Adapted and directed by Maria Virginia Siriu by E. Toller
World revolution. Explodes the drama of the masses in the hot spots of the planet, the established order is subverted. The wheel mocking the system overwhelms everything and everyone: men, workers, bankers, soldiers, priests, citizens, ordinary people. Chaos reigns. Crisis invests everything: the stock market, the factories, the brothels, the wars, the feasts of charity.There can be a way for nonviolent social change?
A woman in the middle of a revolution confronts the Man, the boyfriend, the civil servant, dutiful and the law of the state and the "Unnamed", revolutionary leader, firebrand, paladin of a violent uprising.
Who will survive?
"Man", rational and individualistic, the Nameless instinctual and part of the mass or a passionate woman and non-violent?
This new stage adaptation made by Theandric TeatroNonviolento focuses on the work and the thought of Ernst Toller, writer, poet, and even anti-Nazi leaders of revolutionary movements, imprisoned and forced into exile for his ideals.
Masses Man: Fringe Review
Physical Theatre Review: Fiona Allen
" A classic piece of 1920s German expressionist agitprop, translated into English, and performed by an Italian cast, is what the Edinburgh Festival Fringe has always been about.
Ernst Toller’s masterpiece is given a bare stage production by a barefoot and sometimes bare-chested cast, who variously and at various times represent the proletariat, the army, a firing squad, and the members of the Stock Exchange. It examines what happens when an individual is pitted against the power of the state, and brings into sharp focus the reasons why Toller was first imprisoned and then went into exile, having become massively unpopular with the Nazi regime.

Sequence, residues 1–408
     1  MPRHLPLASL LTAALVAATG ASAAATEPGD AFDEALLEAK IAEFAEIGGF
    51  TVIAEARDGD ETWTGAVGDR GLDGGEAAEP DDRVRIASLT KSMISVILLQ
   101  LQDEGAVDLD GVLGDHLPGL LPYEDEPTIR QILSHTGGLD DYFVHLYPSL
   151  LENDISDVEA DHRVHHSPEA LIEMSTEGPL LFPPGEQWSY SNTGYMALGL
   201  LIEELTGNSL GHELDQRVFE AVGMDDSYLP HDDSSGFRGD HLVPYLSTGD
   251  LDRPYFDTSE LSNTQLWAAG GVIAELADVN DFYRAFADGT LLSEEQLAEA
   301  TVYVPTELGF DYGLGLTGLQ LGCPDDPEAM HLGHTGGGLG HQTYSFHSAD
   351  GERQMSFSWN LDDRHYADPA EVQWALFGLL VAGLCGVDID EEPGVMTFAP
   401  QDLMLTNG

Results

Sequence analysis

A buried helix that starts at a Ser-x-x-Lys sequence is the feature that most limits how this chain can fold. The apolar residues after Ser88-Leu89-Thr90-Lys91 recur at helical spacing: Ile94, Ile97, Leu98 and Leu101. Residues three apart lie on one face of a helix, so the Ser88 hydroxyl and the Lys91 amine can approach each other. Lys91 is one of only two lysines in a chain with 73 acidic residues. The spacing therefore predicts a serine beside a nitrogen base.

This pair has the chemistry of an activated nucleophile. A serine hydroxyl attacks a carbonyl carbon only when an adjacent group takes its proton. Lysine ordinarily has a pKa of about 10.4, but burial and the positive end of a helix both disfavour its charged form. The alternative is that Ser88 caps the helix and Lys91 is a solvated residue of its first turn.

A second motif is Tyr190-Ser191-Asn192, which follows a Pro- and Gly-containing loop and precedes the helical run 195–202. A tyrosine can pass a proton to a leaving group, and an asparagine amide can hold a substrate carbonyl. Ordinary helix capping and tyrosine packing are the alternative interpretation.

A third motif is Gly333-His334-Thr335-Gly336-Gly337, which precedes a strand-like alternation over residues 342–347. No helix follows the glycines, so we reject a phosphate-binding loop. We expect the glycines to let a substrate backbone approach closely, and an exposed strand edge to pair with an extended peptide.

There is no disguising that this is extremely serious theatre, and not always easy to follow, but an engrossing piece of drama, not least because the movement skills of the cast take it well into the class of physical theatre. Fans of world music will love the Sardinian song in the middle, which accompanies the army marching to war, while the soldiers have, of course, their different reasons and viewpoints. A back-projected series of film clips and slides point up the nature of the gap between what politicians say and what soldiers and other ordinary people experience. Needless to say, there are contemporary parallels to be drawn."
T e a t r o N o n v i o l e n t o